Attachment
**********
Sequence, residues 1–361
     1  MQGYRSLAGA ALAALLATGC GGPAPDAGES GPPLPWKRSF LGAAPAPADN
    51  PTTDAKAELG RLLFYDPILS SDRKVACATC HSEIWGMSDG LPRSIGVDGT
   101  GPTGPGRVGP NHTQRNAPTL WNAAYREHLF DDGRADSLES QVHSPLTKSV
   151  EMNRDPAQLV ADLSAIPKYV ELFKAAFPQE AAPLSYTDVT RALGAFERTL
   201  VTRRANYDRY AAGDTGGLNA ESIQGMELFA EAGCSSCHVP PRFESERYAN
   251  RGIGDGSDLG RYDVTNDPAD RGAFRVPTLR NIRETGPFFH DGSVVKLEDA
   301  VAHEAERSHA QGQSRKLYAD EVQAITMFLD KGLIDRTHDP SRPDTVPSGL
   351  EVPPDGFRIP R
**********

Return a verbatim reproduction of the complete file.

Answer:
Sequence, residues 1–361
     1  MQGYRSLAGA ALAALLATGC GGPAPDAGES GPPLPWKRSF LGAAPAPADN
    51  PTTDAKAELG RLLFYDPILS SDRKVACATC HSEIWGMSDG LPRSIGVDGT
   101  GPTGPGRVGP NHTQRNAPTL WNAAYREHLF DDGRADSLES QVHSPLTKSV
   151  EMNRDPAQLV ADLSAIPKYV ELFKAAFPQE AAPLSYTDVT RALGAFERTL
   201  VTRRANYDRY AAGDTGGLNA ESIQGMELFA EAGCSSCHVP PRFESERYAN
   251  RGIGDGSDLG RYDVTNDPAD RGAFRVPTLR NIRETGPFFH DGSVVKLEDA
   301  VAHEAERSHA QGQSRKLYAD EVQAITMFLD KGLIDRTHDP SRPDTVPSGL
   351  EVPPDGFRIP R